• Summary
  • Contents
  • Subject index

The authors participated in a bold, statewide school improvement initiative that re-examined the role of a critical variable in twentieth century educationùtime. Progressive educational policy changes in New Hampshire have put into motion the most dynamic approach to the delivery of education of any state in America. This statewide effort to create a system of personalizedstomized learning cannot properly function in the 20th century model of teaching and learning where time is the constant and achievement is the variable. The steps that New Hampshire has taken will provide the foundation for a new delivery model where time is the variable and achievement is the constant. The New Hampshire vision is built on the assumption that students can learn through a variety of experiencesùtraditional classroom instruction being but one mode of delivery. Out-of-classroom Extended Learning Opportunities (ELO's) provide alternatives to classroom instruction. These can include internships, private instruction, on-line learning and other forms of independent study. But, at the core of this vision, is the idea that student achievement (and, by extension, teacher effectiveness) should be measured in terms of mastering competencies, rather than the traditional measure of ‘seat time.’ Although competency-based models have been attempted, the New Hampshire story is unique in that it offers a unique case of large-scale implementation. Bramante and Colby offer the reader the ability to understand a new context for the reinvention of education and how these challenges affect all levels and aspects of our system of public education. Education professionalsùfrom classroom teachers to policy makersùhave much to learn from the lesson of New Hampshire.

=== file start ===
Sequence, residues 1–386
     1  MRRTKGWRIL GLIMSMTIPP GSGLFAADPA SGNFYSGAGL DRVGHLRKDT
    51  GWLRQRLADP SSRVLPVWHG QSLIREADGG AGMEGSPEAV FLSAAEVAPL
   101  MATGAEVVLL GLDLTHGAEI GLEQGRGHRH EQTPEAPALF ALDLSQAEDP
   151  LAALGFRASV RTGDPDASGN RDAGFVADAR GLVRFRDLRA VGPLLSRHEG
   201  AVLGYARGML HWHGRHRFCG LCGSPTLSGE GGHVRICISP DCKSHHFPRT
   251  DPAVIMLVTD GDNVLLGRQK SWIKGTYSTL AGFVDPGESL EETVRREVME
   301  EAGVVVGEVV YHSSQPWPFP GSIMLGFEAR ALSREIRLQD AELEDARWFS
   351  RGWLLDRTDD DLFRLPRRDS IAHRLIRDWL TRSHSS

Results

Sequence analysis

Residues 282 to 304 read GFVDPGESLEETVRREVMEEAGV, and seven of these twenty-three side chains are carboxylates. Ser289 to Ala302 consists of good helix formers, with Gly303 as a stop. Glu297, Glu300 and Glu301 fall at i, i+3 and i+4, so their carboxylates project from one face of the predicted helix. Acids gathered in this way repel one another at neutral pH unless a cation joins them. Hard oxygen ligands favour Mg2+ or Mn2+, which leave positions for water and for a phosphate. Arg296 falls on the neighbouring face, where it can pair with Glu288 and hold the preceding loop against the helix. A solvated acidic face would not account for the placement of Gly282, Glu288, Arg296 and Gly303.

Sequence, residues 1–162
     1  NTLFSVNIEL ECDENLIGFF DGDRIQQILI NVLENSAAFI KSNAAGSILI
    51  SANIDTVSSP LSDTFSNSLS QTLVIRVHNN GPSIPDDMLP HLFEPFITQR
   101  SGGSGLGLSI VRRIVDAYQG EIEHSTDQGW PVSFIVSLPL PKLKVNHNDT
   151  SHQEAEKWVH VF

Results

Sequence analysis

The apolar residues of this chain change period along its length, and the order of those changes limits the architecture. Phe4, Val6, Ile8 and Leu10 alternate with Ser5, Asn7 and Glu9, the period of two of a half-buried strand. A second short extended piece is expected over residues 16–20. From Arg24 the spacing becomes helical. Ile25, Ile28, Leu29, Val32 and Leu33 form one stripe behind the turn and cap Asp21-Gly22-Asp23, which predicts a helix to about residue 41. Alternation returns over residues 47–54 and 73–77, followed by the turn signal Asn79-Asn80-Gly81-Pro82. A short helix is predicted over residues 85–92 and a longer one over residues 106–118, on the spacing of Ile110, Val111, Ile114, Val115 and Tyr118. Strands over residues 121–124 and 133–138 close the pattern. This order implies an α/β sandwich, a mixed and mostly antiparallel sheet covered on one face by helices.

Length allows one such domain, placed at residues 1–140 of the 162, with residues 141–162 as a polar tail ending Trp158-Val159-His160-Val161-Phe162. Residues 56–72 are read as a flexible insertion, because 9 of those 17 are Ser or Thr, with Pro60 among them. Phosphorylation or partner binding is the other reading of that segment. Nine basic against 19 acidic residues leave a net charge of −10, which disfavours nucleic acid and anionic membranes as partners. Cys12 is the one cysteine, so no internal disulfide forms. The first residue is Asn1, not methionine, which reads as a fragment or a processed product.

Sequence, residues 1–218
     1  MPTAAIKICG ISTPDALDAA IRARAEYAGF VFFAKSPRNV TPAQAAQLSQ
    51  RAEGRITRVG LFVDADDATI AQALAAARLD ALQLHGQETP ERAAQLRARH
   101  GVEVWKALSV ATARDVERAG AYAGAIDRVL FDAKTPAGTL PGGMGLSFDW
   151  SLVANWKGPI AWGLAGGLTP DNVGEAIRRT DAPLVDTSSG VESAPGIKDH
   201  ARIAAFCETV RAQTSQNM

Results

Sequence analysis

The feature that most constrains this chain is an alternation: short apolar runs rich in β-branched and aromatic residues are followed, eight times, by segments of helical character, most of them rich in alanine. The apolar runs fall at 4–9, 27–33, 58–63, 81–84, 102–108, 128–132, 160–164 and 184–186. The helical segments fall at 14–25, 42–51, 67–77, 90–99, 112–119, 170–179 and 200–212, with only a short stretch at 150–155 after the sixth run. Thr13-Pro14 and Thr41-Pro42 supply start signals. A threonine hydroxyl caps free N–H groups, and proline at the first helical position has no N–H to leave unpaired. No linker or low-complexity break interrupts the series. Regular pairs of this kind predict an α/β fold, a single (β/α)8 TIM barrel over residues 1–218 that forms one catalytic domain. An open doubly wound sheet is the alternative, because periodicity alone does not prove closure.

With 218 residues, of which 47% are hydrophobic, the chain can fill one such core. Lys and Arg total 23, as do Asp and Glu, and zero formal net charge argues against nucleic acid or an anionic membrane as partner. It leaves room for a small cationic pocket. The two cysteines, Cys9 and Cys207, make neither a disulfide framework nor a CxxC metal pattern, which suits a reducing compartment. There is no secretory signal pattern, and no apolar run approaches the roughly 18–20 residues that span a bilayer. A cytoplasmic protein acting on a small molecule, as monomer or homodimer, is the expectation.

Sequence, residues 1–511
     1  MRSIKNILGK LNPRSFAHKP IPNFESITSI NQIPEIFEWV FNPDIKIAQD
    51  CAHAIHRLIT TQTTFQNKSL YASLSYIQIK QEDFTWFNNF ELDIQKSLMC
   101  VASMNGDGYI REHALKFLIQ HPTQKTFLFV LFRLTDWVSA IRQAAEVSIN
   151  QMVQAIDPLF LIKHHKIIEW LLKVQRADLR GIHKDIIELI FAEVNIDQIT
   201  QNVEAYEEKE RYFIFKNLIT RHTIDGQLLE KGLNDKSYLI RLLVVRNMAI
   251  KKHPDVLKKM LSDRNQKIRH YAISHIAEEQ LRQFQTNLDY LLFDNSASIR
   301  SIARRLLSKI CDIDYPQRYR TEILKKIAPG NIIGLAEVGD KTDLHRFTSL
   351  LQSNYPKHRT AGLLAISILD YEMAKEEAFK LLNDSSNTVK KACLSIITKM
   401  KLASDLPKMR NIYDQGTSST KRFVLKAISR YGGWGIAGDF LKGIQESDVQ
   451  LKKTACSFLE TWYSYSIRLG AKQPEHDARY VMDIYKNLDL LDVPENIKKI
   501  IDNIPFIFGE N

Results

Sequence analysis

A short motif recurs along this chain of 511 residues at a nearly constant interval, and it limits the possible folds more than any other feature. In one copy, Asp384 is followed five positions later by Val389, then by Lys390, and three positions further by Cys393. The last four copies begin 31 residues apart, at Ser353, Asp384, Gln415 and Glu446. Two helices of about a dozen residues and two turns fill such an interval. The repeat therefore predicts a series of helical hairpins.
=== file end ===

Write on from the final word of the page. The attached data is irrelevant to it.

Introduction: Imagine School without Clocks
Introduction: Imagine school without clocks

Tick tock … tick tock … We easily fall into the rhythms of time in our lives. We have rhythms for sleeping, eating, working, and playing. We also have a rhythm, bound in time, to school. Most people fall into the rhythm of school from 12 to 16 years or more. For professional educators, the rhythm goes on and on. It becomes so fixed in our thinking that it is resolute, unchanging, and in an odd sense, it's academic. While the world runs on a 12-month calendar, the 10-month calendar is the atomic clock of education.

“Imagine,” the signature work of John Lennon's legacy, depicts a rethinking of the world in which the limitations caused by preconceived ...

  • Loading...
locked icon

Sign in to access this content

Get a 30 day FREE TRIAL

  • Watch videos from a variety of sources bringing classroom topics to life
  • Read modern, diverse business cases
  • Explore hundreds of books and reference titles